I don't know how to describe how I feel about artists who have moved me deeply. they show me a better self, too, and sometimes they've gotten me through hard times. I don't know that they did it at great cost to themselves, or rather, I imagine that they'd rather be doing what they do than anything else they can imagine.

it's not on the same level as risking yoru own life in order to save another, for sure.

but it matters. - rcb
posted by rebeccablood at 1:45 PM on June 29, 2001


I think Nirvana were the Sex Pistols of their time. They didn't hang around for long, but they blazed a trail for many new bands that otherwise wouldn't have had a chance to survive.

The difference is that the bands that started up because they heard the Sex Pistols (or the Velvet Underground, or ) mostly managed to create unique sounds for themselves, whereas every band that started up becuase of Nirvana sounded like a bad Nirvana clone, eventually running the entire genre into the ground and leaving a big gaping hole to be filled by the tittie/booty music of the late 90s. And that's a capital crime.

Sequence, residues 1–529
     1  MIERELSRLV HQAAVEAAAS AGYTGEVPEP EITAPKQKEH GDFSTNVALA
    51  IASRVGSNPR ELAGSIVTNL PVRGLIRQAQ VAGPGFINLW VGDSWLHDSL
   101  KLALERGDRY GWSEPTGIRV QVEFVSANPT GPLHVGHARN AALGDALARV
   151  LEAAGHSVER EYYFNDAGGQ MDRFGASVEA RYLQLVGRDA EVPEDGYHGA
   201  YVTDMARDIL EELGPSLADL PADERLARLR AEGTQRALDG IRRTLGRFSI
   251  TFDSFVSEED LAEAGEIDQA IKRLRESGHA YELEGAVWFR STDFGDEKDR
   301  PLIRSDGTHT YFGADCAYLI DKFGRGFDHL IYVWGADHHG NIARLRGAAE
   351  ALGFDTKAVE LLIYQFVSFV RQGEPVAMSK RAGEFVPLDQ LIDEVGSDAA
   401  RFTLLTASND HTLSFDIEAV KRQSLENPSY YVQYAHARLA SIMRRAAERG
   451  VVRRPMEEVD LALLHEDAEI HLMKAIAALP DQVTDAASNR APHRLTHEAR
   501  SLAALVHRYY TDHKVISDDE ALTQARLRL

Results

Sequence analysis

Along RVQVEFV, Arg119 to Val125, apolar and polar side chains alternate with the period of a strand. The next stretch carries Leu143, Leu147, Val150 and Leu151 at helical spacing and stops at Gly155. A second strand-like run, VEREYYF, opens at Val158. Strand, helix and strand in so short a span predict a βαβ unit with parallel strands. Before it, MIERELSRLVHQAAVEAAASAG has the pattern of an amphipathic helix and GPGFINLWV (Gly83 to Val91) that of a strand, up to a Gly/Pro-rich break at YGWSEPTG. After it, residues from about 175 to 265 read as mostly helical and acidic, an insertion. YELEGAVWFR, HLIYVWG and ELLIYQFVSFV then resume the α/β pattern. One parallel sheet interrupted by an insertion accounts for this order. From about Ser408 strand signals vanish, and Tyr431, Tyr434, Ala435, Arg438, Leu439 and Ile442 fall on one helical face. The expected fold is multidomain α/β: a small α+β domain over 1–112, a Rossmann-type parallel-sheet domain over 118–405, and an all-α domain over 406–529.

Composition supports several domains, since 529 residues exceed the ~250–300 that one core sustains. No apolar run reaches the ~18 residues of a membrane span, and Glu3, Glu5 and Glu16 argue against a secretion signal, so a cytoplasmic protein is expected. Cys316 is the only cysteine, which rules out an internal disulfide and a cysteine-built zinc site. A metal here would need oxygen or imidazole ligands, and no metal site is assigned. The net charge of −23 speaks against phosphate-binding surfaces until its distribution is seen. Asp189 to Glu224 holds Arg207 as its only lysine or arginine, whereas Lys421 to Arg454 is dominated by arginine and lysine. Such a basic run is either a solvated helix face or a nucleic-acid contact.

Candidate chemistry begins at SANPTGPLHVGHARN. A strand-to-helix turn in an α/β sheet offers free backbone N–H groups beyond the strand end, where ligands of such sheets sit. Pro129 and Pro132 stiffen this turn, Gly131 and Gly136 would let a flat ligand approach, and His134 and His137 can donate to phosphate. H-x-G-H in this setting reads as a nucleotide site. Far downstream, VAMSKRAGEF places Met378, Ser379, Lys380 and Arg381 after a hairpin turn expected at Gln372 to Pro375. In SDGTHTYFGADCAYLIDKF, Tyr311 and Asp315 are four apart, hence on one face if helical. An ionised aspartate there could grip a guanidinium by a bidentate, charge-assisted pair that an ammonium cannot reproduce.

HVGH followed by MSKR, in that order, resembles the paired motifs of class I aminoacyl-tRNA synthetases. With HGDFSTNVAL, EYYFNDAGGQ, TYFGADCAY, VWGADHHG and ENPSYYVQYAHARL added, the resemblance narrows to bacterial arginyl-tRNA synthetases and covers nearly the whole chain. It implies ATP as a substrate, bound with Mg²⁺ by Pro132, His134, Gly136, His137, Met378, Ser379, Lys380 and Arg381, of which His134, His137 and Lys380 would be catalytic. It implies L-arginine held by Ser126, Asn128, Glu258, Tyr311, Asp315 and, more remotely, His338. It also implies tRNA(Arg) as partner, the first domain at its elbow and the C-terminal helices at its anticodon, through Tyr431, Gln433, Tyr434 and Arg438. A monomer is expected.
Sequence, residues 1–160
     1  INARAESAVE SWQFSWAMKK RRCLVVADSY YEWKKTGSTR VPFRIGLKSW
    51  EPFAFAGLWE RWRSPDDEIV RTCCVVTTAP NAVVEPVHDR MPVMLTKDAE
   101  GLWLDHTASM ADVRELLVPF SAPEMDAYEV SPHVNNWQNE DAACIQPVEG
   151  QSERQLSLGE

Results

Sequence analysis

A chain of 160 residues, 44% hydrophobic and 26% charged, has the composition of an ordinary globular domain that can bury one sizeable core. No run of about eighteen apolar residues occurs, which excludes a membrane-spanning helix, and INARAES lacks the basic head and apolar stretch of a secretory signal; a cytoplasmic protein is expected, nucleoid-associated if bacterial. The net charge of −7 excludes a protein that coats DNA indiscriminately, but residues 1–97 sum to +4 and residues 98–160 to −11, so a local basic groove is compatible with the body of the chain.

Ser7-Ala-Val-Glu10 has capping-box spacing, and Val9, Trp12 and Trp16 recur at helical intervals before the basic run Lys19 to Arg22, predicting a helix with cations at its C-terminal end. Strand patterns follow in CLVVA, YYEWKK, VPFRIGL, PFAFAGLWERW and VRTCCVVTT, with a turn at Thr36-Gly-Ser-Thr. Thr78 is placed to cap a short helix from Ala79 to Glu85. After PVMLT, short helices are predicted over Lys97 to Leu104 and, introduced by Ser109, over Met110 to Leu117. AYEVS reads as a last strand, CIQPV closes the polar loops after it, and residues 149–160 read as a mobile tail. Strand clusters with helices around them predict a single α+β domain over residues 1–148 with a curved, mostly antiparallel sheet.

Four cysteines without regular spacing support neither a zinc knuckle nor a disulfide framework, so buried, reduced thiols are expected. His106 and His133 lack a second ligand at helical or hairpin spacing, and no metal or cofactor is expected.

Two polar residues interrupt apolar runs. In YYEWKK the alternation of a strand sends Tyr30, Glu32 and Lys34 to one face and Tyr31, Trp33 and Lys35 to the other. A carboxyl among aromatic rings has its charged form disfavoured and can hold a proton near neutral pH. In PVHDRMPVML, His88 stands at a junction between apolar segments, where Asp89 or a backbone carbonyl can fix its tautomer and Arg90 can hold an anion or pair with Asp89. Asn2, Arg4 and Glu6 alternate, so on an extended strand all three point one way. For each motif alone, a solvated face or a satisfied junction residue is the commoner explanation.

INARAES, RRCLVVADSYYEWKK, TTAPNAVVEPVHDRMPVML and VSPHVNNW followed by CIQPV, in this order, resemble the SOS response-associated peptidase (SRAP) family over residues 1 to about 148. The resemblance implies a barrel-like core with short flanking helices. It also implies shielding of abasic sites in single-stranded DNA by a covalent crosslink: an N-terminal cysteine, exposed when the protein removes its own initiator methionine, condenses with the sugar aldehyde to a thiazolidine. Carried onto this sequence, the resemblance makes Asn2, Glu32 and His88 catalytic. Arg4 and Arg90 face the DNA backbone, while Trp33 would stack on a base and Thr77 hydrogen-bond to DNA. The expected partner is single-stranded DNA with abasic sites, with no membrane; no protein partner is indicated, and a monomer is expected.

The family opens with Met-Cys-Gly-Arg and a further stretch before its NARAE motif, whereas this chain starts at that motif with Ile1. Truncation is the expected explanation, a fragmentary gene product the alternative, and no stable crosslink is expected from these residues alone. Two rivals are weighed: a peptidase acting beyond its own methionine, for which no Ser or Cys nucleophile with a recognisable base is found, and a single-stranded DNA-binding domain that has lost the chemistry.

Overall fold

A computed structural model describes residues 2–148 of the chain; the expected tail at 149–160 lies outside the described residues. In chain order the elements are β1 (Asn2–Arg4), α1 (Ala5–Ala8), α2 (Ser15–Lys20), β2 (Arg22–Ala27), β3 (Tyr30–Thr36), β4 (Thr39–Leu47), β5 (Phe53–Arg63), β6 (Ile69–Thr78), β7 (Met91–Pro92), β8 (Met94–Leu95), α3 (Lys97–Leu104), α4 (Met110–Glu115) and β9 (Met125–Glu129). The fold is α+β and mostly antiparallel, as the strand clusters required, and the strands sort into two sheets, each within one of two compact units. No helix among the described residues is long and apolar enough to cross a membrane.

The crime wasn't committed by Nirvana, though; that's the fault of the record companies. "Hey, these guys sound like Nirvana! Sign 'em up!" Feh.
posted by aaron at 2:14 PM on June 29, 2001



Hey, I'm pro-tittie/booty music.
posted by owillis at 2:18 PM on June 29, 2001


they show me what my better self might be.

This may be the best definition of "hero" I've seen here. Cobain was not a hero in my book - I think he was a callow, self-involved, self-pitying adolescent - but he showed something to JC. And maybe, that's enough.

But JC feels sorry for me that I haven't lost a hero. I feel sorry, too, that his heroes are so small that they can be lost. I will never lose the people I mentioned, because what they've done to become heroes transcends who they are.

OK; when are we going to forget all this hoohah about Nirvana and start talking about a REAL band? The band I'm referring to, of course, is the groundbreaking JETHRO TULL!!!
posted by UncleFes at 2:22 PM on June 29, 2001


Hey, I'm pro-tittie/booty music.